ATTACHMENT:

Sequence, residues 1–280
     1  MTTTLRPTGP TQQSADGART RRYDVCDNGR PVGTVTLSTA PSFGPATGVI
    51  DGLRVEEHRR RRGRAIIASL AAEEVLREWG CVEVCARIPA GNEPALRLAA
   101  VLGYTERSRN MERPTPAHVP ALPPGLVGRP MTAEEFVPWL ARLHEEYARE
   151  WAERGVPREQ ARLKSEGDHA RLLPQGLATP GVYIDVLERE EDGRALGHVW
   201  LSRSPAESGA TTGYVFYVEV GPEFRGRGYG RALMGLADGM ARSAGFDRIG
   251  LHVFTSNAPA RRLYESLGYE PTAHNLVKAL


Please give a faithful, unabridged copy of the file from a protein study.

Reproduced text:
Sequence, residues 1–280
     1  MTTTLRPTGP TQQSADGART RRYDVCDNGR PVGTVTLSTA PSFGPATGVI
    51  DGLRVEEHRR RRGRAIIASL AAEEVLREWG CVEVCARIPA GNEPALRLAA
   101  VLGYTERSRN MERPTPAHVP ALPPGLVGRP MTAEEFVPWL ARLHEEYARE
   151  WAERGVPREQ ARLKSEGDHA RLLPQGLATP GVYIDVLERE EDGRALGHVW
   201  LSRSPAESGA TTGYVFYVEV GPEFRGRGYG RALMGLADGM ARSAGFDRIG
   251  LHVFTSNAPA RRLYESLGYE PTAHNLVKAL